"Just wait till you hold that new baby in your arms and kiss that sweet head. It is so worth it." "Just wait till she smiles for the first time. Your heart will melt." "Just wait till he says, 'I love you, mama!'" "Just wait till she waves at you at her school program, nudges the kid next to her and says, "look! That's my mom!" And even... "Just wait till he gets his license and can go to Kroger and pick up milk."

Yes, all of those things are worth waiting for…and looking forward to.

dear mama, a letter for you...

Dear New/Expecting Mamas,

I wanted to write you and do what most people will not do for you as you are expecting your first/next bundle of joy. I'm going to be honest and transparent. Here are a few thoughts and tips as you begin this new journey...

1. Motherhood is hard. No joke. Some days, it's downright horrible. There will be times when showing your children unconditional love won't exactly be what's crossing your mind.

2. You will be complimented on your glow as your belly grows, but won't be informed that that glow may turn into night sweats and leave your bed damp and you wondering if you're five again.

3.Because you're growing a mini human inside your body, that body is going to change...and most likely stay that way. And.it's.okay. Don't deny it. Don't refuse to believe it. Embrace it, cause it sure is going to embrace you. I'm not saying to never strive to exercise and take care of your postpartum body...only to recognize reality and understand that your body will fight you every step of the way. Fight back.

4. You will be encouraged to "eat for two" and satisfy that craving...thinking twice about this will greatly reduce your struggle with  #3.

5.Know that you may not feel that instant love as that little one is placed on your chest for the first time. It's not always a magical moment, and that's okay. There will be time for that. Do not begin your journey of motherhood by believing the lies that it has to be a certain way or you're a bad mom. Mama Dear, you are amazing. Give yourself grace...those fuzzy feelings will come.

6. If you have been blessed with a good baby the first time around, wonderful! People will encourage you by warning you to "watch out" for the next one, because apparently they can foretell the future. Just smile and reply with "Thank you for your imput." then walk away quickly before you say what you really think.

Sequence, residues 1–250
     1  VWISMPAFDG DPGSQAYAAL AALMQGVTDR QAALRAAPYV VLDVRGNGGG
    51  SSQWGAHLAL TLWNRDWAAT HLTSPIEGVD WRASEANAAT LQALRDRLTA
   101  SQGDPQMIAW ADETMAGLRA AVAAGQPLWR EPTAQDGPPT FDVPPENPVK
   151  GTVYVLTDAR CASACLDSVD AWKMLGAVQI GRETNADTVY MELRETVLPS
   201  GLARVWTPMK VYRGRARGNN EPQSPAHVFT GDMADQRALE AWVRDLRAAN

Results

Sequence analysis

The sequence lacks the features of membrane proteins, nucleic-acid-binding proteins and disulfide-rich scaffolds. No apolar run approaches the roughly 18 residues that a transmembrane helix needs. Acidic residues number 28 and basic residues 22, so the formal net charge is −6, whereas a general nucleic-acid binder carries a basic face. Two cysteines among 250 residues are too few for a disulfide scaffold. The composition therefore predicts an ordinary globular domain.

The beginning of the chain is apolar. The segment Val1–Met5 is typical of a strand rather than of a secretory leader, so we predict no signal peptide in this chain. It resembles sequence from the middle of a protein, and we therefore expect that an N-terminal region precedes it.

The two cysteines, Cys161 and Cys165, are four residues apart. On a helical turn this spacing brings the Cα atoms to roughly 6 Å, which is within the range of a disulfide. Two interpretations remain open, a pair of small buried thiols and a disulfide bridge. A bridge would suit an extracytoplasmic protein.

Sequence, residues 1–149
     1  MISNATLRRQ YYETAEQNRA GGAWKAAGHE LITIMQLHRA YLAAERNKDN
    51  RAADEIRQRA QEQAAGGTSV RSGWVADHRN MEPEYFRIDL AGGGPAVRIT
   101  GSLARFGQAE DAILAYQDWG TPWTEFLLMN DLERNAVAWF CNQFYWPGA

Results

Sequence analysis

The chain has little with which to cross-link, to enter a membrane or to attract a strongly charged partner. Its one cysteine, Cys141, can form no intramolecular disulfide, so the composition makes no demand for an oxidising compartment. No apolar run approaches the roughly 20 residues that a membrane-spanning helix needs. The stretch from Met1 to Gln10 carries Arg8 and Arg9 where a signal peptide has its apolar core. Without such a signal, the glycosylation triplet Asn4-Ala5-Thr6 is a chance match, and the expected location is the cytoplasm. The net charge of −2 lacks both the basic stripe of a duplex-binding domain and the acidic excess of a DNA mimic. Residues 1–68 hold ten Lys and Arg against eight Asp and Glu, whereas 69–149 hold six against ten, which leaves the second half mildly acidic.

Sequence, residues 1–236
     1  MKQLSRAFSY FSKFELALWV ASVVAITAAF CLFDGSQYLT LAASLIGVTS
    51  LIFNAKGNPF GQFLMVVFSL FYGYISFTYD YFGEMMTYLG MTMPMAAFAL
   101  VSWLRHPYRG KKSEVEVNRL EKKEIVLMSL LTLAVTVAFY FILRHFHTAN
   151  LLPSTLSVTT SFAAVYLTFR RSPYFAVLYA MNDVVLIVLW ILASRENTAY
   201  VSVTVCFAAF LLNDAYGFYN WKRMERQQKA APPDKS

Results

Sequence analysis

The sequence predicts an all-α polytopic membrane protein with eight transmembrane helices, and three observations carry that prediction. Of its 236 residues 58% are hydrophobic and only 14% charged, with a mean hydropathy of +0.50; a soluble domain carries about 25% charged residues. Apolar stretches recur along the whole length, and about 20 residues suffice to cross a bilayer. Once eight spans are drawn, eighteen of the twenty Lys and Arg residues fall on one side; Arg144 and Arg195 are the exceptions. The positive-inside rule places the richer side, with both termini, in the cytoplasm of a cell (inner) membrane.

7. You will want to mentally store away the reply in #6, cause you're gonna need it. A lot.

8. Those tiny little fingers and tiny little toes? Oh, yes, they are most definitely precious and sweet...just remember that when they put their fingerprints all over that clean window, or use that finger to pick their nose and wipe it on the couch, or when those feet kick you in the face in a tantrum. Sweet, darling children...

9. Changing diapers will get old. With your first child, that may happen when they begin baby food...with your second, by 3 months...with your fourth, after the first diaper.

10. Sex will be different. Be patient and remember that your spouse is your first love.

11. Be aware of the reality of postpartum depression and other perinatal mood disorders. They are real and you very well could end up struggling with it. A support system is needed beyond meals for two weeks after delivery. Don't wait until your breaking point to ask for help.

12. After you've had a child, you will be asked for the next 10-15 years, "So when's the next one?" "Are you guys done?" "It's about time for another one, isn't it?" Also, your belly will become the not-so-discrete focal point during conversations and passing "Hi, how are you's?" This only increases when you have all your children with you, specifically if you have more than two.

13. "Oh, you're going to be such a great mom!"  Yes, you will be. Yes, you are. Do not allow these well-meaning statements to burn an unrealistic expectation in your heart that you must prove your worthiness of the "Mom" title to everyone else. You are the best for your child, because your child was given to you. Yes, you will make mistakes. Learn and move on, and leave others' expectations there, too.

Mama Dear, children are wonderful, but I'm not going to lie and say that it's all fun and games. It's not. But it.is.worth it.

And I wouldn't trade it for the world.